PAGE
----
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No progress reported in U.S.-Turkish talks on detained American minister

No progress reported in U.S.-Turkish talks on detained American minister
Andrew Brunson, center, is seen July 28 as he arrives at his house in Izmir, Turkey, where he will remain under house arrest. (Associated Press)

U.S. and visiting Turkish officials held a second day of talks at the State Department on Wednesday to discuss U.S. demands for the release of an American minister who has been detained by Turkey for nearly two years, but no progress was reported.

Washington long has demanded the release of Andrew Brunson, an evangelical Christian preacher who has lived in Turkey for nearly two decades. He was arrested with tens of thousands of Turks and others after an attempted military coup failed to oust President Recep Tayyip Erdogan in 2016.

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Brunson is being held on terrorism-related charges and has proclaimed his innocence, as has the U.S. government.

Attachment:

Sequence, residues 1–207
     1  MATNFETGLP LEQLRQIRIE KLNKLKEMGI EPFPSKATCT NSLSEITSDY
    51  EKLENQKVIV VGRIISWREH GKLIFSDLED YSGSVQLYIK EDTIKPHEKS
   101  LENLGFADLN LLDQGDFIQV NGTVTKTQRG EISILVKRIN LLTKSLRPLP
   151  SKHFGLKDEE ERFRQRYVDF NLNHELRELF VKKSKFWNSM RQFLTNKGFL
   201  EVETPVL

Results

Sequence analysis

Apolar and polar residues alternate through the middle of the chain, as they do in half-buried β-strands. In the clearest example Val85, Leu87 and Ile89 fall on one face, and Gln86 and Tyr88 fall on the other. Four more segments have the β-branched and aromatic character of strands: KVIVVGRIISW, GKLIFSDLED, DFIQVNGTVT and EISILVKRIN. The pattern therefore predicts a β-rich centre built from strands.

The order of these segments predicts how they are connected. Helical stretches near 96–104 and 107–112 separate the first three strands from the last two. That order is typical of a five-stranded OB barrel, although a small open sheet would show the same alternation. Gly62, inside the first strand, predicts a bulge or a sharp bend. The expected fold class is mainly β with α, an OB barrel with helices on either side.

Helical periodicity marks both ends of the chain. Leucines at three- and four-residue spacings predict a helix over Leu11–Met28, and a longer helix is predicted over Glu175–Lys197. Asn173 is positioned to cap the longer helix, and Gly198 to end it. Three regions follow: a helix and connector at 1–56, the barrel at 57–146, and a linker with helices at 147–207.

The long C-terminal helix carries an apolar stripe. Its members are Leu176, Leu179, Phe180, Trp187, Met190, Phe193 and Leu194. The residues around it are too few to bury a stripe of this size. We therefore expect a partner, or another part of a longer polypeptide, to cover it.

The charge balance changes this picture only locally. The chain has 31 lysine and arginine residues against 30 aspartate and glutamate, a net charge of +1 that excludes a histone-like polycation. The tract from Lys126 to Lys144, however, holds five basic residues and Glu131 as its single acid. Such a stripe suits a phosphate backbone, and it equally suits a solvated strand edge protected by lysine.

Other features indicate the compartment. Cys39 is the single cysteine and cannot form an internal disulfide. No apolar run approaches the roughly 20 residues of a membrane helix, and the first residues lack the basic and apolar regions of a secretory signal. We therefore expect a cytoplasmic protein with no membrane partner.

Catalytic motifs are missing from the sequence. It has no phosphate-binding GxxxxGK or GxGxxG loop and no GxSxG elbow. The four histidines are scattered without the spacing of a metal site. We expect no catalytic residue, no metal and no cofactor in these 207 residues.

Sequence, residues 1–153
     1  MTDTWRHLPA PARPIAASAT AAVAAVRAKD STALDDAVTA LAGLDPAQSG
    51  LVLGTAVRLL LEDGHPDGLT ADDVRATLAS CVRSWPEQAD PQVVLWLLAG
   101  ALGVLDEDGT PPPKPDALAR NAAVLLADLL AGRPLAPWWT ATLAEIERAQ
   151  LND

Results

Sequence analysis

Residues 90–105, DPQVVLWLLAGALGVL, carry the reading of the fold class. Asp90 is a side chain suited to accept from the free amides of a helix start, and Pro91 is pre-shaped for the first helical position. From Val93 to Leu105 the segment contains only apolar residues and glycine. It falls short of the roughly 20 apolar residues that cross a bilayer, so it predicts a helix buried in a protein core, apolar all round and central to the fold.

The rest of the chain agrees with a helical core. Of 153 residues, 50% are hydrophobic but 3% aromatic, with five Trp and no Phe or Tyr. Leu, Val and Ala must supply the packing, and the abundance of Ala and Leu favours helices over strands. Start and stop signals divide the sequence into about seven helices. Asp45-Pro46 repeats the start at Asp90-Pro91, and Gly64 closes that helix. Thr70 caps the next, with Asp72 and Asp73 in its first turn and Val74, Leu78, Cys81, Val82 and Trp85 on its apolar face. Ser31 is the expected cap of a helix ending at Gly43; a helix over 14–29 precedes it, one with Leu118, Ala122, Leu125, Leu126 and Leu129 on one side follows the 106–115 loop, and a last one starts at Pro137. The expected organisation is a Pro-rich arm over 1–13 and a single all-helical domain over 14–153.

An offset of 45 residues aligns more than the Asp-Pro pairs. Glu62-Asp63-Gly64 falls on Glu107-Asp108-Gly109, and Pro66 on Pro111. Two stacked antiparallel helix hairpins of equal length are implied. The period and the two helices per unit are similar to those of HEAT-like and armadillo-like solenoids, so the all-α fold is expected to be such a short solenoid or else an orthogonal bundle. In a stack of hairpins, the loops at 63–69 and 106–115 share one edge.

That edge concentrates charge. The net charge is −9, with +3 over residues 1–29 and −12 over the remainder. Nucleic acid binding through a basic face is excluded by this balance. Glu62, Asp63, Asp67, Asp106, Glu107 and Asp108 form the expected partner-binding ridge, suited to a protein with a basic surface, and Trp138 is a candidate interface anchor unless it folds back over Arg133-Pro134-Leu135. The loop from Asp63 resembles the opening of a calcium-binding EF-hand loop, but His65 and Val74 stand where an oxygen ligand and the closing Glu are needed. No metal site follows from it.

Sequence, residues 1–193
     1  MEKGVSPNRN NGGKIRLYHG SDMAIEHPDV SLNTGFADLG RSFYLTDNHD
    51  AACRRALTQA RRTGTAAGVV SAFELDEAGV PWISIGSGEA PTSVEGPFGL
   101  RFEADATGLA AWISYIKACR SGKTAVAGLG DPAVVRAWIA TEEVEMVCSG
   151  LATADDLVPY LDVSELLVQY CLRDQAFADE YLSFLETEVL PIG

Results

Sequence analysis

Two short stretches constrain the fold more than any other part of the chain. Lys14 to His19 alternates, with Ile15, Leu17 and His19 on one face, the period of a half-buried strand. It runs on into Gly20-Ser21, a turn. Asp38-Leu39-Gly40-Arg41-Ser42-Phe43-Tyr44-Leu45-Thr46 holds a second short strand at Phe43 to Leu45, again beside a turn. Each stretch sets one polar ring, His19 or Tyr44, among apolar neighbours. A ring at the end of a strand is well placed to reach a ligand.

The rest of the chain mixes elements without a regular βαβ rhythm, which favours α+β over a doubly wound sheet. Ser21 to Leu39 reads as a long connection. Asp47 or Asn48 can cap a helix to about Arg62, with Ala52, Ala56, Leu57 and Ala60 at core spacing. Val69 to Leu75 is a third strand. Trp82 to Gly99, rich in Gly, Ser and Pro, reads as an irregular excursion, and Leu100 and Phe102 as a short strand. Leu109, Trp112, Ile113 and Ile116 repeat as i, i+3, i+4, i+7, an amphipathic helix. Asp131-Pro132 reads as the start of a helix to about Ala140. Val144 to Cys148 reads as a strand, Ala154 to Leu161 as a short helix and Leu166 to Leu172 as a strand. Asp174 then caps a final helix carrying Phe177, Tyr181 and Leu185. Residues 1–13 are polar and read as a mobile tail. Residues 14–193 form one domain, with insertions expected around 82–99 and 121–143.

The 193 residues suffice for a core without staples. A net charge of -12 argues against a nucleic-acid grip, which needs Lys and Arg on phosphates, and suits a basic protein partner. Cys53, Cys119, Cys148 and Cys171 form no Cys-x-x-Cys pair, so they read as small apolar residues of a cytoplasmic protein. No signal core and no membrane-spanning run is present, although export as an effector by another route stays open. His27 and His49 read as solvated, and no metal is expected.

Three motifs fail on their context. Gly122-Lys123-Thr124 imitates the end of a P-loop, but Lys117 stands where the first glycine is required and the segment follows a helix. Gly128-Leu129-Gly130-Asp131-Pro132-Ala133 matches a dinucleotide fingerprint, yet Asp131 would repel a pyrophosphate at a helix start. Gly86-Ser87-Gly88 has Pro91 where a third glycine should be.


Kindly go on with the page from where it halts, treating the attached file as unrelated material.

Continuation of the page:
The case has inflamed tensions between Turkey and the United States, which are NATO allies. The Trump administration last week imposed economic sanctions on two senior Turkish officials it held responsible for Brunson’s detention and threatened other punitive steps.

The meetings in Washington were led by John Sullivan, deputy U.S. secretary of State, and Turkey’s deputy foreign minister, Sedat Önal.

They “discussed a range of bilateral matters, including Pastor Brunson,” Heather Nauert, the State Department spokeswoman, said Wednesday. “The talks continue,” she added, without providing further detail.

Turkey hosts U.S. military bases that Washington has used for the wars in Syria, Iraq and elsewhere.

Secretary of State Michael R. Pompeo has said Washington also has demanded the release of other U.S. citizens detained in the post-coup crackdown, as well as Turkish employees of the U.S. Embassy in Ankara.

Brunson has received the most attention, however. His church belongs to the same national evangelical congregation as Vice President Mike Pence, who has frequently called for the North Carolina native’s release.

Erdogan has suggested trading Brunson for Fethullah Gülen, a Turkish-born Muslim cleric living in exile in Pennsylvania whom Erdogan blames for instigating the coup attempt.

Gulen has denied involvement, and the Justice Department has declined to extradite him, saying Turkey has not provided sufficient evidence that he committed a crime.

Turkey also is seeking the release of a Turkish banker, Mehmet Hakan Atilla, who was convicted in a U.S. federal court in May on sanctions-busting charges related to the purchase of Iranian oil.

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